This opinion will be unpublished and

may not be cited except as provided by

Minn. Stat. § 480A.08, subd. 3 (1998).




State of Minnesota,



Chad Brian Story,


Filed March 16, 1999


Shumaker, Judge

St. Louis County District Court

File No. K3-97-600237

Michael A. Hatch, Attorney General, Thomas R. Ragatz, Assistant Attorney General, Suite 1400, NCL Tower, 445 Minnesota Street, St. Paul, MN 55101; and

Alan Mitchell, St. Louis County Attorney, St. Louis County Courthouse, 100 North Fifth Avenue West, Duluth, MN 55802 (for respondent)

John M. Stuart, Minnesota State Public Defender, Bradford S. Delapena, Assistant Public Defender, 2829 University Avenue S.E., Suite 600, Minneapolis, MN 55414 (for appellant)

Considered and decided by Randall, Presiding Judge, Harten, Judge, and Shumaker, Judge.



Appellant Chad Brian Story challenges a judgment of conviction for criminal sexual conduct in the second degree under Minn. Stat. § 609.343, subd. 1(a) (1998), arguing that admission of victim's videotaped statement without deletion of irrelevant portions unfairly prejudiced him. We affirm.


After law enforcement authorities learned in 1997 that ten-year-old K.C. alleged that she had been sexually molested several years previously, a deputy sheriff videotaped an interview of her. Although she was unable to give precise dates or a chronology, K.C. described five incidents of sexual abuse. Three involved appellant and two involved appellant's younger brother, K.S.

Appellant was charged with criminal sexual conduct in the first and second degrees and with witness tampering. On direct examination at appellant's jury trial, K.C. testified about sexual abuse incidents committed by appellant but she did not mention appellant's brother.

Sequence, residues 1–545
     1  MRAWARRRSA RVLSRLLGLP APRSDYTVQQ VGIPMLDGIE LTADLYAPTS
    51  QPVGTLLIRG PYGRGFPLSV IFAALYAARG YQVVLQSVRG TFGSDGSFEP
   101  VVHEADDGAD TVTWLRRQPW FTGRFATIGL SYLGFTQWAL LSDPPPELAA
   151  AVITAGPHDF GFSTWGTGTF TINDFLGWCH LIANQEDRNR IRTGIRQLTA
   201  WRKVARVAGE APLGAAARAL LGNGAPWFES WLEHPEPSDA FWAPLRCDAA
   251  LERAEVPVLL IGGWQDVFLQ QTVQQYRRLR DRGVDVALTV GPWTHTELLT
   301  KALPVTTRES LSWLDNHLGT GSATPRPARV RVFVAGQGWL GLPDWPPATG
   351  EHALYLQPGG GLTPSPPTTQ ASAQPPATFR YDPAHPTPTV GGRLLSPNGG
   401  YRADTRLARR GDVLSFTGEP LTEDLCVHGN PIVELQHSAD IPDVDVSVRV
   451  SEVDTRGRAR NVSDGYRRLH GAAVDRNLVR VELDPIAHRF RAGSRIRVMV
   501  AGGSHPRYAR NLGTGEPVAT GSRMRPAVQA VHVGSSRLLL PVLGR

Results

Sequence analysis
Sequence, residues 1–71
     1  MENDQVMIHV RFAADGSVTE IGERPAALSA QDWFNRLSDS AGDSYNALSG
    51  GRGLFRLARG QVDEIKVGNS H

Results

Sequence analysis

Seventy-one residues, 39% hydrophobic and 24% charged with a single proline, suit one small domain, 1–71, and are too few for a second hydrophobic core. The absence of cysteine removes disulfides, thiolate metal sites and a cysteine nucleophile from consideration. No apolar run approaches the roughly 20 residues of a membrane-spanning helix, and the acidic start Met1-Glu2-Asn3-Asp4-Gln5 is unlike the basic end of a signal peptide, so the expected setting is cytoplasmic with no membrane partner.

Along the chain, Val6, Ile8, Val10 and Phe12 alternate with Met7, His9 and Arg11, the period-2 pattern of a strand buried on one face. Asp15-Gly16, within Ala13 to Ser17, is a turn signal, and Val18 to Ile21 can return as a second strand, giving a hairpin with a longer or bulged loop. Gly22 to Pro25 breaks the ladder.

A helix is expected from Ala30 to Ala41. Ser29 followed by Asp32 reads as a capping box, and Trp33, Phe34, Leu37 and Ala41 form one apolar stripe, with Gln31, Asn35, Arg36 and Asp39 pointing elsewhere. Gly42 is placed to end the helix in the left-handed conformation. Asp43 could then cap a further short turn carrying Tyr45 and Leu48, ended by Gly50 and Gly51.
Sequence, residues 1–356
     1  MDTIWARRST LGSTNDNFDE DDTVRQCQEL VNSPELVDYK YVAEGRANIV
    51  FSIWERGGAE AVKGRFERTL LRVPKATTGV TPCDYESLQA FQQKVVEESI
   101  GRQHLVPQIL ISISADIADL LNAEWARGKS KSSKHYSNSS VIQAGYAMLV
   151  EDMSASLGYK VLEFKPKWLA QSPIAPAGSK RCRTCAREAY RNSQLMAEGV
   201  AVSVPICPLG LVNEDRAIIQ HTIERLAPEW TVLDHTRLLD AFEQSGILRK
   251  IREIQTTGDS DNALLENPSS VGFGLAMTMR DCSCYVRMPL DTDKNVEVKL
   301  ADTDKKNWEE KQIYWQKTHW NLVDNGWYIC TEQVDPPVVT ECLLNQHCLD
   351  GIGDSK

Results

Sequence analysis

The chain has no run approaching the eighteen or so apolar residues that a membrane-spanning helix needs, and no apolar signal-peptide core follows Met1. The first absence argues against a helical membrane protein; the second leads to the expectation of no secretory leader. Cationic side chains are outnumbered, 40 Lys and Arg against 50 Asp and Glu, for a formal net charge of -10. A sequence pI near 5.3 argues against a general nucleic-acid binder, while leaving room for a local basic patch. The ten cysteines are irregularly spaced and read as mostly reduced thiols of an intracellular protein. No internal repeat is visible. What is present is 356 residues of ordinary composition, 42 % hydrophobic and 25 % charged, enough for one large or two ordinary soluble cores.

During cross-examination, defense counsel raised questions as to K.C.'s credibility, inquiring as to the delay in disclosing the abuse, implying that K.C. had imagined the sexual contact with appellant, and suggesting that K.C. had fabricated an allegation that she had touched appellant's penis. After the cross-examination, the prosecutor offered the videotaped interview as a prior consistent statement that would help the trier of fact evaluate K.C.'s credibility. Defense counsel objected to the admission of the tape and argued that if the tape were to be admitted all references to sexual abuse allegedly committed by appellant's brother should be deleted. Noting that he could not "see how you could possibly dissect this tape and make any sense out of it," the trial judge granted the prosecutor's motion to allow the videotape into evidence in its entirety. The jury then saw and heard the videotape.